Strike one. Strike two. For Lockheed Martin's (NYSE:LMT) hi-tech wonder-plane, it's all over but the shouting.

Defense Secretary Gates wielded the budget axe against Lockheed's Raptor fighter jets last week, putting the final kibosh on production of the best air-superiority aircraft in the world. Yesterday, the United States Air Force signed its own John Hancock on the F-22's death certificate. Acceding to the Secretary's position, the Air Force agreed that it can get by with just the 187 aircraft now authorized, and make do with the new F-35 Lightning II fighters (also by Lockheed) for future military needs.

But now begins the real fight: Congress.

The Raptor may be Lockheed's plane, you see -- but it's not just Lockheed's plane. Boeing (NYSE:BA), Northrop Grumman (NYSE:NOC), and United Technologies (NYSE:UTX) all serve as major subcontractors to the F-22's manufacture.

General Dynamics (NYSE:GD) plays a small role as well, and L-3 Communications (NYSE:LLL) contributes part of the plane's electronics. And even more important than the names of the key players are their locations. 44 of the nation's 50 states produce F-22 plane parts, meaning that literally hundreds of members of Congress have a stake in keeping this program alive.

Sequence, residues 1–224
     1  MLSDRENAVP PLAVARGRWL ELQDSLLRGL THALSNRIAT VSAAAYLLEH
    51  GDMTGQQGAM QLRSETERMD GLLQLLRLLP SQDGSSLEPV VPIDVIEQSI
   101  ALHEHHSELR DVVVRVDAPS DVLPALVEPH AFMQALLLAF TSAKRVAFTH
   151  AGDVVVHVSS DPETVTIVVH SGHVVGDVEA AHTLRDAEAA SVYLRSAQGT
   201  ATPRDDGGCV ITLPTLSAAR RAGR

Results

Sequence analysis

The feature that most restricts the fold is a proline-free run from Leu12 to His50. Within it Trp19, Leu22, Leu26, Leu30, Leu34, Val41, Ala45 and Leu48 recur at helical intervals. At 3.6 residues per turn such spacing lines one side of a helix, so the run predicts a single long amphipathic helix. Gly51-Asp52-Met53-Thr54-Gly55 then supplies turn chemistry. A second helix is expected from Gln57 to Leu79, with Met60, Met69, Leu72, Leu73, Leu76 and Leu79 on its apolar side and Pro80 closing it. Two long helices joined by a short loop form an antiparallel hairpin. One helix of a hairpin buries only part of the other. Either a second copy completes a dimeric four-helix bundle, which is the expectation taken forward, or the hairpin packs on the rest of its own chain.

The Raptor must die
As a taxpayer, though, I hope that Congress will eschew pork-barrel economics this time around and let the Raptor die in peace. In light of the Air Force's decision, Lockheed itself is reportedly reconsidering its lobbying effort in support of the plane, as well it should. After all, Lockheed doesn't need the F-22 for its survival. Far from it.

Since it was first dreamed up in the '80s at a planned fleet size of 750 units, the F-22 program has steadily shrunk. Right now, the debate seems to be between continuing to build out to 243 aircraft (one third the number originally envisioned) or standing pat at 187 (one quarter). By now, Lockheed must realize that it's fighting a losing battle.

In contrast, Lockheed's F-35 program seems to swell by the day. The most conservative estimate I've seen lately calls for as many as 3,100 F-35 variants to be built for the U.S. and its partner nations over the next 60 years -- $1 trillion in revenue for Lockheed. Other estimates, including sales to allied states who did not participate in the plane's development, suggest that a far higher number of F-35s will eventually be sold.

My advice: Let the F-22 rest in peace, Lockheed. You already captured Lightning in a bottle with the F-35. Quit while you're ahead.

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